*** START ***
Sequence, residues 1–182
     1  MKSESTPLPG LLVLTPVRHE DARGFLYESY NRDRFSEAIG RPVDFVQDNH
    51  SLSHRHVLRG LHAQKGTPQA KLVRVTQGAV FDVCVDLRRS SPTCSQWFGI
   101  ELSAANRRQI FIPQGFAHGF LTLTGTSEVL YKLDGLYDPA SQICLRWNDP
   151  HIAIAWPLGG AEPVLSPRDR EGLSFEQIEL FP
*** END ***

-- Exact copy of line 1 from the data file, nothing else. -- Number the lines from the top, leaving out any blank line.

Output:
Sequence, residues 1–182